Trying to understand what "both dead and alive" means ...
Before studying quantum mechanics, the idea that something can be two things at the same time looks quite weird. Let's try to convince ourselves that it's not.
Let's imagine we have a box full of balls of different colors. We cannot see inside the box, but we can pull out a ball from the case and see its color. Not being able to see all the balls inside, we do not know which color the ball we pull out it's going to be until we see it, but we know for sure that if we see a red ball, that must have been a red ball even when it was inside the box. If we want to make a prediction on which color will be the next ball, we can define the probability like the ratio between the total number of balls extracted and the number of extracted balls of that color: This is how classical probability works.
Let's now imagine that we have an LCD ball, just one, inside the box. When we put the ball in the box, where we can't see it, a device switches on and starts to randomly show patterns of any allowed color, even together! When we pull the ball out, the device detects we grabbed it, and not only it stops mixing colors, but it also makes all the balls of one color among those allowed. This is how quantum probability works.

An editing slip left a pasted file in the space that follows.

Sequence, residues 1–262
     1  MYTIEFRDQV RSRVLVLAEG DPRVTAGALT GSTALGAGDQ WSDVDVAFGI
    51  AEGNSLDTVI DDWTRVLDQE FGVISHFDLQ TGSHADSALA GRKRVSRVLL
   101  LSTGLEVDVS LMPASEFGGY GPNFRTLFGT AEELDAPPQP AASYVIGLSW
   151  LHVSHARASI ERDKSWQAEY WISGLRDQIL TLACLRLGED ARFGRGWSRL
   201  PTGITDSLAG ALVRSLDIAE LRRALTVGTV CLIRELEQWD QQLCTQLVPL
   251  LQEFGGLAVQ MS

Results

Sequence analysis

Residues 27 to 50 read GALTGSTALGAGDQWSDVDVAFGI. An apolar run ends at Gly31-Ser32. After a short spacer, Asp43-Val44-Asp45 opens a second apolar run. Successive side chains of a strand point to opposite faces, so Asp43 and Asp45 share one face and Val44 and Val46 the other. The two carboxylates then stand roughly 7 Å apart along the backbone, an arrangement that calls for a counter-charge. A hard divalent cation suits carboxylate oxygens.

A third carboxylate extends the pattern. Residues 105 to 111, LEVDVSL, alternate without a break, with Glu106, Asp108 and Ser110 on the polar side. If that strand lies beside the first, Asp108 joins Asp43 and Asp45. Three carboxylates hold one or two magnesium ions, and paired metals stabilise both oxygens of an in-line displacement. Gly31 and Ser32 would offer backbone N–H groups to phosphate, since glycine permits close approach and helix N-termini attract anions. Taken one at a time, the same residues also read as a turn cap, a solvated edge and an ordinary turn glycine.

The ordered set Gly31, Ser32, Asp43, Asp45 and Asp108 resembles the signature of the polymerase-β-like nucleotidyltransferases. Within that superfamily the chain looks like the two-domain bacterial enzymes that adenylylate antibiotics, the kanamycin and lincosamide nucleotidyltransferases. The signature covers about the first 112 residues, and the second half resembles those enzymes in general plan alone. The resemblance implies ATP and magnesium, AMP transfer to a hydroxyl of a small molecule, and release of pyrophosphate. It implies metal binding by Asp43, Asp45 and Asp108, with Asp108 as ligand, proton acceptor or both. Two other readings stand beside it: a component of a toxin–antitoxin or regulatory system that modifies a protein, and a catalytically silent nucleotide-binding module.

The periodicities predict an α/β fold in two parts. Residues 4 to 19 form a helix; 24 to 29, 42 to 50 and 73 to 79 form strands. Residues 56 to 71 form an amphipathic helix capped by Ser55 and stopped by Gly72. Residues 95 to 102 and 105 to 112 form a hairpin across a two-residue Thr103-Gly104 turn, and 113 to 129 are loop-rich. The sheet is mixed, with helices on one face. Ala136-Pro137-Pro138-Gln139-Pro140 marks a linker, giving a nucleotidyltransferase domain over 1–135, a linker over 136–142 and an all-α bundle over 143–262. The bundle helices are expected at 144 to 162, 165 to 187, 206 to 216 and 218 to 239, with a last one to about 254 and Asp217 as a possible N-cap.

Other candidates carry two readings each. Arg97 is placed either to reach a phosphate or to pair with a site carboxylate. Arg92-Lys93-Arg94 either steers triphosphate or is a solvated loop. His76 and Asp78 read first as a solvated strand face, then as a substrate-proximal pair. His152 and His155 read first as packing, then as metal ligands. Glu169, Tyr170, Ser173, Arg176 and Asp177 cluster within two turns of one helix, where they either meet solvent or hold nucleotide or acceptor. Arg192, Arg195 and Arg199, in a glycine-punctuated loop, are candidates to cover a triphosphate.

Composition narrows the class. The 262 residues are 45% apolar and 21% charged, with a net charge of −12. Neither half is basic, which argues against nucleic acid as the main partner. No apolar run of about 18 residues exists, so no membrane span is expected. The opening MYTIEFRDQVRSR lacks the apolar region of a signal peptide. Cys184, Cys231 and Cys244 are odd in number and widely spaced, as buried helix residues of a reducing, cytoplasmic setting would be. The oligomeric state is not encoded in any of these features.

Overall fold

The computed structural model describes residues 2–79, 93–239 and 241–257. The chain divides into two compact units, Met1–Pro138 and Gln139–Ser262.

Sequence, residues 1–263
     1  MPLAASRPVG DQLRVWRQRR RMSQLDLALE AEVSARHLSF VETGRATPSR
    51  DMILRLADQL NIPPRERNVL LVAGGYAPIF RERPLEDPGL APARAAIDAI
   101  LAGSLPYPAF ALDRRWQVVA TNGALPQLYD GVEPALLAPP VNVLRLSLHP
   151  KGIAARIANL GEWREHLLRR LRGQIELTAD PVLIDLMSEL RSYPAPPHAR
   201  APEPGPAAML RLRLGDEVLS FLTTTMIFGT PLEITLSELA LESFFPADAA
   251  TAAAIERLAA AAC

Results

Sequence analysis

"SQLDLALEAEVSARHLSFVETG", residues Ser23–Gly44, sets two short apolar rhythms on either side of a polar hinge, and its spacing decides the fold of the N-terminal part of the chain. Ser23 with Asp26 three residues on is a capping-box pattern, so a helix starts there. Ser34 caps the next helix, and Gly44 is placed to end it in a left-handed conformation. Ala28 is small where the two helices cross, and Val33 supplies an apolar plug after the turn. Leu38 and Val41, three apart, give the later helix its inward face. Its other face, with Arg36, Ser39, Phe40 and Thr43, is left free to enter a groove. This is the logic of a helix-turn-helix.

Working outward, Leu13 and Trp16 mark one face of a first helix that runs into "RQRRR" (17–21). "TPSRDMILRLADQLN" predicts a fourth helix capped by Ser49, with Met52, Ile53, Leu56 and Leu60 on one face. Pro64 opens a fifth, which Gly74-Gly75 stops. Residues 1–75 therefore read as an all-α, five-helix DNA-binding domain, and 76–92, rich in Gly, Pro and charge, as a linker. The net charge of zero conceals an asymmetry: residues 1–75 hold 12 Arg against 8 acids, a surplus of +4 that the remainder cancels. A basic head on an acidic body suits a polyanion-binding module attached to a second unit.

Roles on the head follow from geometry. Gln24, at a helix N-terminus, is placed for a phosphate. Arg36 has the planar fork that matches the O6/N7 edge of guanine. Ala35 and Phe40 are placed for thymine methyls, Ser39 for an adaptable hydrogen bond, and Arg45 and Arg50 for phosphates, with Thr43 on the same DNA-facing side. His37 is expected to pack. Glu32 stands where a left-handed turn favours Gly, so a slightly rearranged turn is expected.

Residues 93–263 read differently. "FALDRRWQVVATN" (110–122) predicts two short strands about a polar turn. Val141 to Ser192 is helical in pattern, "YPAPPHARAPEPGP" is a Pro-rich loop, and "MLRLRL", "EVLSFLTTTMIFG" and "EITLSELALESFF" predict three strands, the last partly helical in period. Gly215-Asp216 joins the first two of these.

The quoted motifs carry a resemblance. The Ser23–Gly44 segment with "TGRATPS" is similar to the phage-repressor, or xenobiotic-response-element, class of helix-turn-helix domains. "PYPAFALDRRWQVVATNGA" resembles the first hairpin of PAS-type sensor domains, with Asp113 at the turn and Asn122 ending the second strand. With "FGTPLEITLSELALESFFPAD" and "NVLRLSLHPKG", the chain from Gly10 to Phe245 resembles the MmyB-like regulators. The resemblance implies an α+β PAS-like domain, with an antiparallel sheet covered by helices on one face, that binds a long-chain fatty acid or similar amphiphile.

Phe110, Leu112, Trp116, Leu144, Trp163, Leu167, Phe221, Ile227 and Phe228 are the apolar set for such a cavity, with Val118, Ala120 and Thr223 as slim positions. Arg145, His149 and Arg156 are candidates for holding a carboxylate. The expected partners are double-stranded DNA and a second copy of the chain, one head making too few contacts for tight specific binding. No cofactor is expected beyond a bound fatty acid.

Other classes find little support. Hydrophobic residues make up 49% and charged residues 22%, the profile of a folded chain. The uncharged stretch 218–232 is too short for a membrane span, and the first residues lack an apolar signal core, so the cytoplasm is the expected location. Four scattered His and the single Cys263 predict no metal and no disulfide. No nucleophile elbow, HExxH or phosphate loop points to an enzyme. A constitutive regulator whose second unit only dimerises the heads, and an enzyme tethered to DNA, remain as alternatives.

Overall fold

From our point of view, there is no difference between the two systems, because when we watch a ball, we see a color, and we can measure the probability of each color to be seen. Nevertheless, there is a deeper difference.
While we could in principle break the classical box and count every single ball to know the probability, we can not break our LCD ball, because the probability of seeing a color is not given by our ignorance of the details of our system (aka the number of the balls of each color) but it is an a priori probability, which is intrinsic of the ball.
Why would be a cat both "dead and alive" then?
Because its life or death depends on a system whose laws are described by quantum mechanics. The system, just like the LCD ball, can be in a superposition of more states at the same time, hence both switched on and off, black and white, dead and alive.
Note that it is just a paradox that the cat is either dead or alive, and the reason is that quantum mechanics does not work on systems bigger than a bunch of atoms.
Luckily and unluckily for the cat.